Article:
Last week I had the privilege of attending Generation W, an annual event in Jacksonville, Fla., that brings together leaders and experts from around the country for a day of education, inspiration and connection for women. While this event is about inspiring thought leadership that will move people to improve their lives and communities, it also gave me some marketing-to-mom inspiration—specifically in a session led by public relations and social media consultant Angie Orth.
This session, which was titled “The Digital Divide: To Post or Not to Post,” was really about how individuals can use social media for good—especially teens who may not be aware that everything they post now has the ability to affect their future. It was during this presentation that Angie challenged the audience to consider several questions before they post anything on a social media network—and, now, I’m challenging brands to consider those same questions as they prepare their marketing-to-mom social media strategies:
Am I seeking approval or attention?
Do not post things just because you’re looking for a little positive affirmation that people actually like you—this is self-serving. You should consider how your posts will make your audience feel, not you. Moms are busy and will not stay connected to brands that fill their newsfeeds with nothing but self-promotion.
Does my status reflect a fleeting emotion?
Try to refrain from emotional posting—a tip that comes in very handy when you respond to people via your social media networks. Do not respond from a place of anger or frustration—those feelings often pass after a time of reflection, allowing you to respond in a clearer and more respectful way. Moms will remember if you were rude—even if the post has been deleted.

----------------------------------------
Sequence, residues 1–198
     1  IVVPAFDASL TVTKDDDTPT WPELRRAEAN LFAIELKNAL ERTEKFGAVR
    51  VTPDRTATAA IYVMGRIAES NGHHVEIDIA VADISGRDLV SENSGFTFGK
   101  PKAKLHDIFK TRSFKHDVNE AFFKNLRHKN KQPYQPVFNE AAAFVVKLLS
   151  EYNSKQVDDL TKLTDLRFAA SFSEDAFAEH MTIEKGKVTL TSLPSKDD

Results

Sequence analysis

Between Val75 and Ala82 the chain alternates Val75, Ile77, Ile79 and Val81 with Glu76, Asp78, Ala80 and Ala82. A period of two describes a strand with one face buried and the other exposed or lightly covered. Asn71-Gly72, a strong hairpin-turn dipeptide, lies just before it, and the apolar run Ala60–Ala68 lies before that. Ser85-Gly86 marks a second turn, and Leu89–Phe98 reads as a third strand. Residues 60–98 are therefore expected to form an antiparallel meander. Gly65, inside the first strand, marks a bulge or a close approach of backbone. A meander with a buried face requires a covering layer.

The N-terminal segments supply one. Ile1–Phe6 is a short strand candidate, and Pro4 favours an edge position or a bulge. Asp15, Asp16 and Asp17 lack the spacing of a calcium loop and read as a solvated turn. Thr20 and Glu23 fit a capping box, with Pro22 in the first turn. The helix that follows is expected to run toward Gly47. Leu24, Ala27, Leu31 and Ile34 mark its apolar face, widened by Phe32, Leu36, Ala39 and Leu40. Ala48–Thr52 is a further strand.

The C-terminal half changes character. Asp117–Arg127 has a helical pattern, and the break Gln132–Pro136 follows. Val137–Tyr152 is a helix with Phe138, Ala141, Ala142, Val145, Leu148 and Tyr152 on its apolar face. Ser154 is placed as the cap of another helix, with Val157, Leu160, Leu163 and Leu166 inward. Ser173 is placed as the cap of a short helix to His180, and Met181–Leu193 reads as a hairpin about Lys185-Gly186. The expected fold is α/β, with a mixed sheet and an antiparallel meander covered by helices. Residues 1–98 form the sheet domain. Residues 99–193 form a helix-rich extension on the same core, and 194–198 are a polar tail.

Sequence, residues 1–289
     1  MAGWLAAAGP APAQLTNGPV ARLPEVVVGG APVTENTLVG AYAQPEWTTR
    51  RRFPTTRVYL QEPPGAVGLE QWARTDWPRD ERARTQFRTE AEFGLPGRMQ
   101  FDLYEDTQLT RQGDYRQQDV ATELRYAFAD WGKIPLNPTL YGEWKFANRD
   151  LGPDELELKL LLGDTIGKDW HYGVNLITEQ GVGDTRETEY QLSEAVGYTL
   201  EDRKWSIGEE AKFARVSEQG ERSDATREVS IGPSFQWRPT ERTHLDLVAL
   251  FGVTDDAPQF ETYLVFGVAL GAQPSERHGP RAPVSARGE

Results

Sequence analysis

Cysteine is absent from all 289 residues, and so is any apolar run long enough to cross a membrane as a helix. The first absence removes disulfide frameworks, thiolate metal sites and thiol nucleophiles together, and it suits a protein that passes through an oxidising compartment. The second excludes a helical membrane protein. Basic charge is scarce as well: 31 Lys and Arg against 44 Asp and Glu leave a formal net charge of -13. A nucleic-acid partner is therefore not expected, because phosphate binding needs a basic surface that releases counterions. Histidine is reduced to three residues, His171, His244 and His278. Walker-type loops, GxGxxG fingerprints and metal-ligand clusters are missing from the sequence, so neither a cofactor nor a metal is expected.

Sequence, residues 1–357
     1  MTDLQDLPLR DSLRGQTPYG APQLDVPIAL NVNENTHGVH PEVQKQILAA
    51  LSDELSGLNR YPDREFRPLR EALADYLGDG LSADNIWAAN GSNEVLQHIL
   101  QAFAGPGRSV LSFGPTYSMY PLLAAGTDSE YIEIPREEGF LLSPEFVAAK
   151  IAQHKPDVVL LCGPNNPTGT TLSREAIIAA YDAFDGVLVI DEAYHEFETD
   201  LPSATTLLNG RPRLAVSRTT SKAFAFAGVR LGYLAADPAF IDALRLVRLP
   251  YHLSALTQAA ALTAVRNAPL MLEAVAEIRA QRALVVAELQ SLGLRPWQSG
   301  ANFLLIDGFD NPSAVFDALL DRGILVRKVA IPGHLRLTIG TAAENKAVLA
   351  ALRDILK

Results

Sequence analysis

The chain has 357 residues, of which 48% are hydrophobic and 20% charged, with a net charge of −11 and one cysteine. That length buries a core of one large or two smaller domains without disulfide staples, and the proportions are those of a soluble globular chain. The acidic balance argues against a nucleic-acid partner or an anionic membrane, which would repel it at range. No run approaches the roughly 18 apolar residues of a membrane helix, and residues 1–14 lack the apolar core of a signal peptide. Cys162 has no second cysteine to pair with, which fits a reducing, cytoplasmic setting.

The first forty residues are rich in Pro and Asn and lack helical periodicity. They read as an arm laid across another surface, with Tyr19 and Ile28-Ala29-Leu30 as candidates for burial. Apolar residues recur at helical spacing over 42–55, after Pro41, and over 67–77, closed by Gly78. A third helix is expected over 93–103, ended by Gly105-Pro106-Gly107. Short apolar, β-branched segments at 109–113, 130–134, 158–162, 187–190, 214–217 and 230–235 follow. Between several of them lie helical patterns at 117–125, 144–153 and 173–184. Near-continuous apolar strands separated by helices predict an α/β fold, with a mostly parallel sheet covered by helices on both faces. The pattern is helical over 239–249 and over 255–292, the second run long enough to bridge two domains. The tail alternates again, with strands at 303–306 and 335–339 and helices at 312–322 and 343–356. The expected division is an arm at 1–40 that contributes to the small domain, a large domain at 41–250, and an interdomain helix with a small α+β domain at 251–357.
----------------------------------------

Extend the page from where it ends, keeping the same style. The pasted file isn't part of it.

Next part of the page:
Is this statement helpful?
As a brand trying to engage with mom, your focus should be on helping mom, not making her life more difficult. As you create your strategy, make sure everything you post is relevant to your audience—consider what she is doing that time of day, where she might be reading your post or what seasonal activity she is trying to accomplish.
Is this something I would say in person?
Social media is really about creating conversation—not reading through a monologue. Focus on developing online relationships the way you would offline relationships and only say things you would say if you were standing in a room full of moms.
Is this a moment to protect?
Sometimes we are so busy trying to plan what we are going to post about an event or activity that we actually miss enjoying—or being a part of—an event or activity. Not everything needs to be broadcasted to your social media networks the moment it happens—don’t let your online posting responsibilities dictate your offline actions. Another note, don’t make moms feel envious of your life as a brand—your posts should make them feel like they are part of the moment, not sitting on the sidelines wishing they were you.